There’s a kind of wild sensory overload you experience when you watch a Toronto FC match with one of its supporters’ clubs.
It’s like being in the eye of a hurricane: You’re the calm centre of your cramped universe as scarlet soccer jerseys and scarves whirl around you, the air crackles with anticipation for both the starting whistle and that next pitcher of beer. The assembly shouts out staccato chants, “THEY’RE WHITE! THEY’RE BLACK! THEIR TOWN IS FULL OF CRACK! DEE SEEEE! DEE SEEEE,” disparaging the uniforms of today’s opponents, D.C. United.
And that’s just the Red Patch Boys (RPB). This crimson-clad club that calls the Shoeless Joe’s at King and Dufferin Streets their unofficial home is only one example of an underground soccer-loving subculture that has existed in the city for some time, and with the founding of the Major League Soccer team, has finally found its lightning rod. Gone are the days when football fanaticism was relegated to ethnic pockets in the city popping every four years whenever its respective country did well. TFC has finally given soccer fans of all cultures something to shout about, and they do it week after week.
“We have a multicultural mix, and TFC unites them all,” says Duane DaSilva, founder of Tribal Rhythm Nation, TFC’s African, Latin and Caribbean supporters’ club. “It doesn’t matter what you are, we’re all here to support TFC.”
It’s also making up for lost time; in a little less than two years, RPB alone boasts more than 2,500 official members and supporters both locally and across the province in cities as far away as Kingston and Ottawa, and even fan support in the U.K., one notable being midfielder Rohan Ricketts, TFC’s latest addition from Barnsley.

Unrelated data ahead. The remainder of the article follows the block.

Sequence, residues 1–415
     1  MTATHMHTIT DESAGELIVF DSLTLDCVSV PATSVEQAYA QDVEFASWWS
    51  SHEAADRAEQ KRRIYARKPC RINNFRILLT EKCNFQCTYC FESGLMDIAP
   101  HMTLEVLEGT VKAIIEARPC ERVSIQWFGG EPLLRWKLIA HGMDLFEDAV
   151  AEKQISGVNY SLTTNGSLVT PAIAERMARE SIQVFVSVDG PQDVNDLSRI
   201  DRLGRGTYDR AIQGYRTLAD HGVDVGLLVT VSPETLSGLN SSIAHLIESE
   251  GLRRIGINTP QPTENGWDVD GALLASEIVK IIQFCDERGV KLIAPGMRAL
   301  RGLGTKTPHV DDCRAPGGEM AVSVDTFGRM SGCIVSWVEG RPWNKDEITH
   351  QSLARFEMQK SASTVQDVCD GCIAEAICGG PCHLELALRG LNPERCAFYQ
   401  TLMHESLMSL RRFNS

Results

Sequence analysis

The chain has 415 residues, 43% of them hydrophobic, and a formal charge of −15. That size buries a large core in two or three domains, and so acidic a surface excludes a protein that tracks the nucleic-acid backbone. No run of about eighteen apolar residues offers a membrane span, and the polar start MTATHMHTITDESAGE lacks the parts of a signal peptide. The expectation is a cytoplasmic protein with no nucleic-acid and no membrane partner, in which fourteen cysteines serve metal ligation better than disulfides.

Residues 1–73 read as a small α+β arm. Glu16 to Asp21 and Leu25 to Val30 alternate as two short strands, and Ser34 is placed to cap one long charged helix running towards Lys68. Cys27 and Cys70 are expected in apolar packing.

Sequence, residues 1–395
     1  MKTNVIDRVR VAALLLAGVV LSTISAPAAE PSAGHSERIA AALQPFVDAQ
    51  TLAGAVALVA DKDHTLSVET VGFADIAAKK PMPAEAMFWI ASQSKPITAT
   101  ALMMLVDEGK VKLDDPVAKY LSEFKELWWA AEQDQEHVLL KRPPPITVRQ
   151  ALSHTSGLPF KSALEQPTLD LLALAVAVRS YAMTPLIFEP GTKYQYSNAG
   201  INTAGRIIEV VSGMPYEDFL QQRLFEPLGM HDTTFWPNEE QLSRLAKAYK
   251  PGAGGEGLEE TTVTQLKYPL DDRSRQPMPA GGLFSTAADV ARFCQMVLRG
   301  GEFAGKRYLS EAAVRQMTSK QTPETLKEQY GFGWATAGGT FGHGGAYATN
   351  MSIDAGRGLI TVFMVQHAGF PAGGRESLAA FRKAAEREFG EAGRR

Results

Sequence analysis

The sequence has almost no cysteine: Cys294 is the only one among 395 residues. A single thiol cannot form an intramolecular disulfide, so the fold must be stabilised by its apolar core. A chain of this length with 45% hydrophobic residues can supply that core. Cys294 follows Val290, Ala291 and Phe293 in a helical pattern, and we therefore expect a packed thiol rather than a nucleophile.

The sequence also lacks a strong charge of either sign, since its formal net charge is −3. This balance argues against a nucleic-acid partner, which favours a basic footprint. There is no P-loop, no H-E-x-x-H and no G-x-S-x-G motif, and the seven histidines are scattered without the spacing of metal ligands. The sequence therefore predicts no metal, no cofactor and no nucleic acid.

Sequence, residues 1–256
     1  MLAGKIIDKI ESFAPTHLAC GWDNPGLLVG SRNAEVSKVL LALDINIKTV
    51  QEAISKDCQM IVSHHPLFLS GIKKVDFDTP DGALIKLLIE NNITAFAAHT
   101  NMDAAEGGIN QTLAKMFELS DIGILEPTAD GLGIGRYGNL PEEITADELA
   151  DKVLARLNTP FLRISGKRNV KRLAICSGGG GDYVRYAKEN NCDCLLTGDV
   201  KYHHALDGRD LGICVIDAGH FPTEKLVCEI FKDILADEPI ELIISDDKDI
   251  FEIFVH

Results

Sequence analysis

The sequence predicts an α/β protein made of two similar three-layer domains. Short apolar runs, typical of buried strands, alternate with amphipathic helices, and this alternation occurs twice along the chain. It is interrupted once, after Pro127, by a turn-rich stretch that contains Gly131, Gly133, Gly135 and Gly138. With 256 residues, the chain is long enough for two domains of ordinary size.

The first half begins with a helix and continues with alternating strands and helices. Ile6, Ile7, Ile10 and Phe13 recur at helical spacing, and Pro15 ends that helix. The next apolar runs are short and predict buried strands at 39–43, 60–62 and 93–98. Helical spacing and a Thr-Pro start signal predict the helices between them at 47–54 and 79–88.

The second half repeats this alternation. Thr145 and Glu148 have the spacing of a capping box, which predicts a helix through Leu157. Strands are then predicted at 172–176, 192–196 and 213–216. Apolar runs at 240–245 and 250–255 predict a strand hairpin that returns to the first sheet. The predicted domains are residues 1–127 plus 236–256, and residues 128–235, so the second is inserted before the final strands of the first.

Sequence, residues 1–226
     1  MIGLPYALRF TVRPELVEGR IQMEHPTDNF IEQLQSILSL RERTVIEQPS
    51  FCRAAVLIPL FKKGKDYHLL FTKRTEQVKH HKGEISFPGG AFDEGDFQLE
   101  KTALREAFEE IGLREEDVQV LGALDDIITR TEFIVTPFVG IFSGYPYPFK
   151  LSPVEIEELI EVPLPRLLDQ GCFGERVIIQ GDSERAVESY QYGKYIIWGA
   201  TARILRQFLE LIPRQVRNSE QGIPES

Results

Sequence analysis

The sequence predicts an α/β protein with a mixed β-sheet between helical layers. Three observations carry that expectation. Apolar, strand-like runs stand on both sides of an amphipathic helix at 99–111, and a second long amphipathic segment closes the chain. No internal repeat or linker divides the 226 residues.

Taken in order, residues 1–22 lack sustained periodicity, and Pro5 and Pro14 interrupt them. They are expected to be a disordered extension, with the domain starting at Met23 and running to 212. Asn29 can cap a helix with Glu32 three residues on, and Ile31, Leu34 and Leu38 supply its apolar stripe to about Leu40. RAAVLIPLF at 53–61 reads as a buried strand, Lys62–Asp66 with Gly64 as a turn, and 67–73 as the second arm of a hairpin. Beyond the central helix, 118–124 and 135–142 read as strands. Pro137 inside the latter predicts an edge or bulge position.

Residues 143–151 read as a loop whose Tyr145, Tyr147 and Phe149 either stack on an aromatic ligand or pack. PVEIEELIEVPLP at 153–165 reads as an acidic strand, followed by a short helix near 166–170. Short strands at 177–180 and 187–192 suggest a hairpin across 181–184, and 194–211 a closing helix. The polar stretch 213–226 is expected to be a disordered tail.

Current club president Jack DePoe credits the club’s online presence as a factor in its growth.
“There were about 30 guys sitting in Section 112, (of BMO Field, known as the Bunker) who laid the foundation for the club,” says DePoe. “Now we’re all over the Golden Horseshoe and we’re still growing.”
But is it a growing enthusiasm for the beautiful game, or the birth of Canadian soccer hooliganism? Some would argue there’s a dark side to importing the magic that makes leagues such as England’s Premiership or Italy’s Serie A so exciting. During a trip to Ohio for the team’s season opener against the Columbus Crew, drunken TFC fans were publicly urinating on a chain-link fence near a church not far from Crew Stadium, local police alleged.
“There are always going to be a few who take it too far,” says DaSilva. “But you can’t blame 2,500 fans for what one or two do. The passion we bring to the table is the best in MLS.”
However you view it, you can’t argue it’s a typical Maple Leaf Sports Entertainment franchise. The fervent fan support belies the club’s at-times awful play: We’re not five minutes into this game and D.C. United has found the back of Toronto FC’s net twice.
Any hope of a shocking upset win goes up in smoke when midfielder Kevin Harmse is sent off in the 22nd minute for a hard challenge on D.C.’s Gonzalo Peralta. The Boys (and ladies, it should be noted) search for solace in suds and song as it just gets worse: 3-0, then 4-0.
Finally, their moment arrives. Maurice Edu scores in the 88th minute, preventing the humiliating shutout. The bar erupts in a deafening orgiastic triumph, and opponents can expect more of the same soon enough.
“We make BMO Field the hardest place for an opposing team to play,” says DaSilva. “We chant, we drum and we give our team a psychological advantage before the game has even begun.”
“We’re the 12th man,” says DePoe. “Win or lose, this is our house.”
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